The wipers swished rhythmically, leaving arcs of dust on the glass. I wiped a single tear from the corner of my eye, as memories of that day flooded my mind, again. 

The car rocked as I tried to steer clear of the lorry approaching ominously from the opposite side.  I swerved my steering in the nick of time to navigate the hairpin bend. 

“Phew!” I exhaled in relief, smiling at my son.

“Mummaaaa, watch out!” I heard Naman scream.  I looked ahead in horror, as our car hit a rock with such impact, that…

Screeeeech! I slammed the brakes inadvertently, as I tried to forcefully halt the agonizing deluge of memories.

Pulling my Sedan to a side, I closed my eyes for a second, inhaling deeply. The drizzle had ceased.  As I stepped on to the wet pavement, I experienced a sense of accomplishment. The dewy grass was brown still, but emerald fresh offshoots were raising their heads.

After replaying the gory details of the accident compulsively in my mind for months; I had now been able to halt those memories in their tracks.

The fog was lifting, making way for the first rays of the sun. Through the clearing, I saw a familiar face on the other side of the road. Dressed in red shorts with tattered pockets, was a street urchin .I had often seen at him at the traffic signal nearby.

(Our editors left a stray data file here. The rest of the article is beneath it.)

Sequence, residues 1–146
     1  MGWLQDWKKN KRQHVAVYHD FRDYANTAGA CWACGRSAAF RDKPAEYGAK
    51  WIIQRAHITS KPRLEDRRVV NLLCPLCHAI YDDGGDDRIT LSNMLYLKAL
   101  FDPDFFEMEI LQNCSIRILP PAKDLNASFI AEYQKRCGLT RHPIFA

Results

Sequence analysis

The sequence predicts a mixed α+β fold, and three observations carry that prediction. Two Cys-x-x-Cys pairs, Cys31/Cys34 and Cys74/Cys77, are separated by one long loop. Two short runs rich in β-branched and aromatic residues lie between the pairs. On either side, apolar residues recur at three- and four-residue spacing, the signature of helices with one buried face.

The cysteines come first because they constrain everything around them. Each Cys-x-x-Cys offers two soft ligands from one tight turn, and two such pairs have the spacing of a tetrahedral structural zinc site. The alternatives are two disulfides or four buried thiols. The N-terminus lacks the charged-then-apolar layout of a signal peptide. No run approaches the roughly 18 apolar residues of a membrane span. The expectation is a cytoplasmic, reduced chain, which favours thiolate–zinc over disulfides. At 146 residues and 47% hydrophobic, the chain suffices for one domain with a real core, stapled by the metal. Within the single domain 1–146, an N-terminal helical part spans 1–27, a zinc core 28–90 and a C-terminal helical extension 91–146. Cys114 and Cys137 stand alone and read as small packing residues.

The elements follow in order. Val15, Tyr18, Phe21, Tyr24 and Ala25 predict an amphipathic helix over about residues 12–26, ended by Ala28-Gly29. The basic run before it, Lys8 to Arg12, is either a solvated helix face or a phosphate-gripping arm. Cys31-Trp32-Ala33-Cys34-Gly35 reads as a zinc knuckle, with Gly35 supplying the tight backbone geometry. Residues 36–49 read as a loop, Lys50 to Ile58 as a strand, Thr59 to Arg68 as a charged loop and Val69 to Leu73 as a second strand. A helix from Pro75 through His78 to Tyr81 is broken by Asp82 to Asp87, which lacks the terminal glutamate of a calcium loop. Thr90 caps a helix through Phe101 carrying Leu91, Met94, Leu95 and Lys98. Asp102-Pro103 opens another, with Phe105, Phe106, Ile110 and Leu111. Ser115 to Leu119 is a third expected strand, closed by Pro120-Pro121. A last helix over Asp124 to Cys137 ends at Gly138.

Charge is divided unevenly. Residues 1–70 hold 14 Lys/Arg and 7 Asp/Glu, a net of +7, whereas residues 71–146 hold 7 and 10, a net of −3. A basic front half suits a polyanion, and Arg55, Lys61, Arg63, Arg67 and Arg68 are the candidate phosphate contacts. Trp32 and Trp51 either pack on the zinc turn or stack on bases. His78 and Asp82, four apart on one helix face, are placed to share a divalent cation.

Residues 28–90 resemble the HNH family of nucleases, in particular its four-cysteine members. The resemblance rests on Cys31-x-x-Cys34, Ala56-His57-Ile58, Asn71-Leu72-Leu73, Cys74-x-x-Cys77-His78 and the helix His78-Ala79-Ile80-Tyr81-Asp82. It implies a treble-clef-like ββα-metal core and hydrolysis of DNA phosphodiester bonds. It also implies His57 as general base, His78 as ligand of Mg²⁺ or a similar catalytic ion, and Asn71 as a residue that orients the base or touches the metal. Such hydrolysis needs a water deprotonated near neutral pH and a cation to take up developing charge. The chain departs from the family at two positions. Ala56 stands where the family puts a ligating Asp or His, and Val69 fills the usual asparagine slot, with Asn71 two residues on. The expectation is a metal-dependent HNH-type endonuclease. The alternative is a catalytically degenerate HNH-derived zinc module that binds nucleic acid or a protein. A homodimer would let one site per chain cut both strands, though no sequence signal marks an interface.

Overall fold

“Mumma, why doesn’t he go to school?” Naman would often ask me, as the shirtless lad sprayed soapy liquid on the windscreen and cleaned it in vertical strokes. Invariably, the signal would go green, before he finished.

Struggling to see clearly through the partially cleaned glass, I would curse under my breath, “I don’t know.”

Naman would turn around, waving to the kid, as cars hurriedly made their way through the signal. Flipping back in position on his seat; his seatbelt neatly plastered to his chest, he would repeat his question.

I would finally snap out of my ire and yield, “Probably, his parents cannot afford sending him to school.” Naman would nod mutely.

I exhaled forcefully, consciously freezing those memories in their tracks.

The kid was carrying an oversized bucket, full of water, his smiling lips quivering with strain. I walked up to him, lending a helping hand. His smile was infectious. 

“Buh-ket,” I pointed out. He curiously repeated after me. 

Words led to sentences, rhymes and stories. We travelled together from spoken word to the written one. I got him books, pencils, crayons. He came back to the same spot each day, hungry for more.


Seven years since I lost my eight years old son, I still visit the spot each day.

The sense of accomplishment deepens. I can now see Naman in the present, growing taller, wiser, moodier and a lot less cuddly. Yes, I still feel his presence around me, cheering me on, to pursue my passion. I now have a dozen munchkins studying under my wing. I often see him strolling about in the brown grass, caressing the yellow rain lilies, smiling contentedly.

I regret not doing this with him, when I was alive.


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